Sport International Rugby

Saturday 17 August 2019

Irish World Cup bid letter outlines 'shock' at recommendation as Spring comes out fighting with appeal for votes


Dick Spring, chairman of the Bid Oversight Board
Dick Spring, chairman of the Bid Oversight Board
Ruaidhri O'Connor

Ruaidhri O'Connor

A letter sent by Ireland's Rugby World Cup bid chairman Dick Spring has urged voters on World Rugby's Council to look beyond this week's recommendation that South Africa host the 2023 tournament.

In the letter, which was sent by bid chairman Spring to members of the Council on Wednesday and seen by today, the Irish bid outlined its unhappiness with the outcome of the report of Rugby World Cup Ltd's technical review group.

Spring expressed the Irish bid's "shock" at the "narrow, operational and theoretical" approach taken by the technical review group in selecting the Rainbow Nation as the preferred host of the 2023 World Cup ahead of Ireland and France.

The union was taken aback by the scoring criteria used in the review which was published on Tuesday ahead of the final vote by World Rugby's Council on November 15.

He pointed to the fact that 96% of the difference in scoring between South Africa and Ireland came down to stadia and experience of hosting a previous tournament, and questioned what kind of tournament the technical review group wants to take place.

Spring warned that the "skewed basis" of the scoring system rewarded Ireland's rivals' prior history of hosting major events used by the report "will preclude the majority of potential new bidders from ever having the opportunity to host Rugby World Cup, therefore thwarting the growth of the game and rugby's flagship event".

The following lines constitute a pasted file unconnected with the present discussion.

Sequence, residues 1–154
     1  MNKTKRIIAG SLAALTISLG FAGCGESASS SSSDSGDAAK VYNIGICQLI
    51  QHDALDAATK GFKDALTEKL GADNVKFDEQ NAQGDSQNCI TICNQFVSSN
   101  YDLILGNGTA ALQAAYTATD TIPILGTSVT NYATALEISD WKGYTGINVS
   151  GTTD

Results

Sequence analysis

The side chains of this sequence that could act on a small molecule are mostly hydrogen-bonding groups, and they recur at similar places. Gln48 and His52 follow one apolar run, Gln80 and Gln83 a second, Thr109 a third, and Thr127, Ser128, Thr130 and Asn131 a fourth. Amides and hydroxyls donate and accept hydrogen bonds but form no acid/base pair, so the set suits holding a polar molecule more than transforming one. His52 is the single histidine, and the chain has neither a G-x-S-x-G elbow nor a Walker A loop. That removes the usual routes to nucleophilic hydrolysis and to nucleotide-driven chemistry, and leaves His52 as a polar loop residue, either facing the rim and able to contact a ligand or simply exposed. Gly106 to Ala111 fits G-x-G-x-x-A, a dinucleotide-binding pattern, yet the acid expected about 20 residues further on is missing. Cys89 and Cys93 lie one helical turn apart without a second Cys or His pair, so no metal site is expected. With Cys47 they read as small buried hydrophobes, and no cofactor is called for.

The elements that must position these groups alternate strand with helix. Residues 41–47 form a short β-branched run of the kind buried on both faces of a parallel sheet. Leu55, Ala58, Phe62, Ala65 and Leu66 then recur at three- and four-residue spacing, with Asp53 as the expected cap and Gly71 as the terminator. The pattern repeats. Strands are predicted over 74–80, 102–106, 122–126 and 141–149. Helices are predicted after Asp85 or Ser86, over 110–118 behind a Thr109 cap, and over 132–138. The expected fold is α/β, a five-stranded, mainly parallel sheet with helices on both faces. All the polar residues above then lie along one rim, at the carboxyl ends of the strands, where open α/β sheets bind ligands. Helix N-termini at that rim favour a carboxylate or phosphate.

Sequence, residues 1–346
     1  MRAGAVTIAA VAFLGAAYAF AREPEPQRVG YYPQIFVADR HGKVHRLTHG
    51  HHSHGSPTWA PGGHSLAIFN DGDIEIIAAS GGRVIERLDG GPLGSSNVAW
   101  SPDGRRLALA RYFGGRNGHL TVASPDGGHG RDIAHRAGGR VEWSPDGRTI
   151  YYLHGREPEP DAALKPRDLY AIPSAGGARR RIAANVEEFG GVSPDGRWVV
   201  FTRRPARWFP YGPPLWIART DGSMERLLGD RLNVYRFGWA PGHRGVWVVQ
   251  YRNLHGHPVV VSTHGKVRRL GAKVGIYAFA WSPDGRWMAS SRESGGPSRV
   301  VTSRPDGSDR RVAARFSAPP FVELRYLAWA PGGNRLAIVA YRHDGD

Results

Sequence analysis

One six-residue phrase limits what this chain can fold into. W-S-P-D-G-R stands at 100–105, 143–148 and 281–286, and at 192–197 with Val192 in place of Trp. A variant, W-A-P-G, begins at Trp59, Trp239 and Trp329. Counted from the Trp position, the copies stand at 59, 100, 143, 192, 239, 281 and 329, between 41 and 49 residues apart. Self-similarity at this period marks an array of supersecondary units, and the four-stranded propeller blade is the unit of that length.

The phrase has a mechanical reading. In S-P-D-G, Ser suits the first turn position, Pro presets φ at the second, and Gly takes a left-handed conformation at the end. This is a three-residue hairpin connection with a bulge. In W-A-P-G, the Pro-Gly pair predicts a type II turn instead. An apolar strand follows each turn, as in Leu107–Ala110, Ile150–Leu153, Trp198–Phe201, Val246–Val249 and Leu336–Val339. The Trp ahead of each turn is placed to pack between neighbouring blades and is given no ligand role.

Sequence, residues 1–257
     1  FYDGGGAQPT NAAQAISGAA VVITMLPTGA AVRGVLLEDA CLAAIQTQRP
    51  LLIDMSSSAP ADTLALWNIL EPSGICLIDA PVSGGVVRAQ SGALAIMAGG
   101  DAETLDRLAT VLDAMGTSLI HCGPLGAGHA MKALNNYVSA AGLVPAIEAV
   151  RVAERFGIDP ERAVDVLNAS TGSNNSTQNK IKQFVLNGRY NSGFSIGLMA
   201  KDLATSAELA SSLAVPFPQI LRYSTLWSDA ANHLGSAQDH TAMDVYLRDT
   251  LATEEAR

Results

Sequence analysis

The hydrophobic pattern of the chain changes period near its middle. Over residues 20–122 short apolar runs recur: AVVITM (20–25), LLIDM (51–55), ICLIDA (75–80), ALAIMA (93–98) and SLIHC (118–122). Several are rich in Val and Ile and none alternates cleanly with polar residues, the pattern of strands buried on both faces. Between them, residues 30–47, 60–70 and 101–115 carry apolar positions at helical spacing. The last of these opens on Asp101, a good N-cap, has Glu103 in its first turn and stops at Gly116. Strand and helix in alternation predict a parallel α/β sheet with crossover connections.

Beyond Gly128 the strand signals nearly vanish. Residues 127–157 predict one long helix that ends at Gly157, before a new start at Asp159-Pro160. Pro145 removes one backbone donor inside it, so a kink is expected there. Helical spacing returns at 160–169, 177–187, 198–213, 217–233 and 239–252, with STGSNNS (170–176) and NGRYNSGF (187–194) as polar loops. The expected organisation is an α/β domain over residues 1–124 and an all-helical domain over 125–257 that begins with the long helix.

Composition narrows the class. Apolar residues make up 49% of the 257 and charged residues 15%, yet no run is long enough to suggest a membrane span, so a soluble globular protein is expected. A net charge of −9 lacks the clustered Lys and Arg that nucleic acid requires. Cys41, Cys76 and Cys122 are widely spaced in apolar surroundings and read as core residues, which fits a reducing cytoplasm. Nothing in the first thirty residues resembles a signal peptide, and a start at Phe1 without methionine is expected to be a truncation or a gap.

He also raised particular concerns about the way in which the security section of the report was evaluated.

The technical review group's report recommended the South African bid, placing Ireland third behind France in second place.

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That recommendation has been endorsed by the New Zealand Rugby Union who hold three of the 39 available Council votes, but the Irish bid and the French Federation have both outlined their concerns about the process in separate letters to the delegates who will have the final say.

The Irish bid was surprised by the fact that potential low attendances at the "large, out of town football stadiums" nominated by France and South Africa was considered favourable to full houses at what it described as "appropriately sized" city centre venues.

Spring raised the prospect of matches taking place against the back-drop of empty seats and highlighted that the smallest nominated stadium in South Africa has a capacity of 41,538. France's smallest ground holds 33,150 while Ireland's smallest venue has a capacity of 17,000.

The Irish bid letter argued that full, smaller stadia would "transmit positive images of the tournament and the RWC brand to international TV audiences".

The report marked Ireland down under its 'Cities and Stadia' criteria because many of the grounds require significant improvement.

However, Spring pointed out that the technical review group confirmed that Ireland's plan is "realistic, well-informed and achievable" and added: "We remain convinced, as do many neutral commentators in the media and elsewhere, that our venue plan, combined with Ireland's renowned welcome, is the ideal for Rugby World Cup 2023 and will result in one of the most memorable Rugby World Cup experiences ever."

Spring also questioned why Ireland did not fare better on the issue of security.

"We are amazed at the analysis of security issues as contained in the Evaluation Report, given that it gives a similar security scoring to all three candidates," Spring wrote.